‘Adulting can’t be boiled down to just 10 steps. It’s a very philosophical conversation about what life is, when life feels good, and what gets in our way.’

For sure, the book offers direct advice and mantras, like most self-help books. “You’re not perfect,” “stop pleasing others” and “get out of neutral” are some that Watkinson picks out as meaningful to her. But, Watkinson says, the book is distinctly compelling in the context of Lythcott-Haims’s life and its continuing variety, typified in the way she has changed careers from attorney to dean to author. 

“Julie’s career, her way of being in relationships, the way she shares the stories in the book, all embody to me that reinvention process—that constant change is actually the way that we are becoming ourselves,” Watkinson says. “And I find that really compelling and really beautiful and not the common narrative that always gets shared.”

Some of the insights are very particular. Kristine, the student whose letter gave Lythcott-Haims a kick in the pants, gains more independence by persuading her mom to turn over one household responsibility—cleaning the family toilet. Still, Lythcott-Haims is after a broader discussion about life. 

“Adulting can’t be boiled down to just 10 steps,” she says. “It’s a very philosophical conversation about what life is, when life feels good, and what gets in our way.”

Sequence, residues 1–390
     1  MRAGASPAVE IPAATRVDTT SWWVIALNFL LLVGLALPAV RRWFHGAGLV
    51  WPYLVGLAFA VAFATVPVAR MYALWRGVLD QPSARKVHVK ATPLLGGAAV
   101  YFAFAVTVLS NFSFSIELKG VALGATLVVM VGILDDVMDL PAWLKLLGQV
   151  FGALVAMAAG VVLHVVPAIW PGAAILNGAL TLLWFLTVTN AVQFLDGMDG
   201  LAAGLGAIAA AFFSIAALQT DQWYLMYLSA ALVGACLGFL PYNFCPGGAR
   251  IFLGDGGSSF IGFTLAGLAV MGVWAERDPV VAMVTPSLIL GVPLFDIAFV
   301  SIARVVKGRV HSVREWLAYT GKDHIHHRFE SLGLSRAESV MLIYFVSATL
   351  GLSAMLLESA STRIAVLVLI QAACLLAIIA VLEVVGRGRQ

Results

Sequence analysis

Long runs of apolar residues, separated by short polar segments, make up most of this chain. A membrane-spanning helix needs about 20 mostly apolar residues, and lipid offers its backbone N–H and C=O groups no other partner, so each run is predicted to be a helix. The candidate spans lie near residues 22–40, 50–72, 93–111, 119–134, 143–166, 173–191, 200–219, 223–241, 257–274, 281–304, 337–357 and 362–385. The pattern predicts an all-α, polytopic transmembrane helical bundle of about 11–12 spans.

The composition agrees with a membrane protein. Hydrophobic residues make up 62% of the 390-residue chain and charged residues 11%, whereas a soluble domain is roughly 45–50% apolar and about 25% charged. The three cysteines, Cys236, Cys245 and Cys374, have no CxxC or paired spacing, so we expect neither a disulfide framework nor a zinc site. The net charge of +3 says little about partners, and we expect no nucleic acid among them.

She adds: “My hope is that, as [readers] get a taste of it, as they hear the voice of it, they will be drawn in and they’ll decide it’s worth turning the pages.”

As far as what’s next? She’s considering co-writing a memoir with her 82-year-old mother, which could take parenting and adulting insight into a whole new trimester of life. Her mother joined Lythcott-Haims’s household more than 20 years ago in an arrangement inspired by a goal any helicopter parent could appreciate: trying to afford a house in the Palo Alto Unified School District.

The result has come with tremendous upsides and a host of challenges, Lythcott-Haims says. In an era when things like COVID-19 and economic hardship are forcing more people to try multigenerational living, she and her mother want to offer an account of why they did it, what was hard and what they learned. 

Or at least that’s what they plan to write. With chapters alternating between mother and daughter, the two might put out contrasting realities. “You know the things she writes about, like what made it hell, may not be on my radar, and the things I choose to write about may not be on hers,” she says. “But, you know, that’s sort of the point of the book.” Spoken like an adult.

Sam Scott is a senior writer at Stanford. Email him at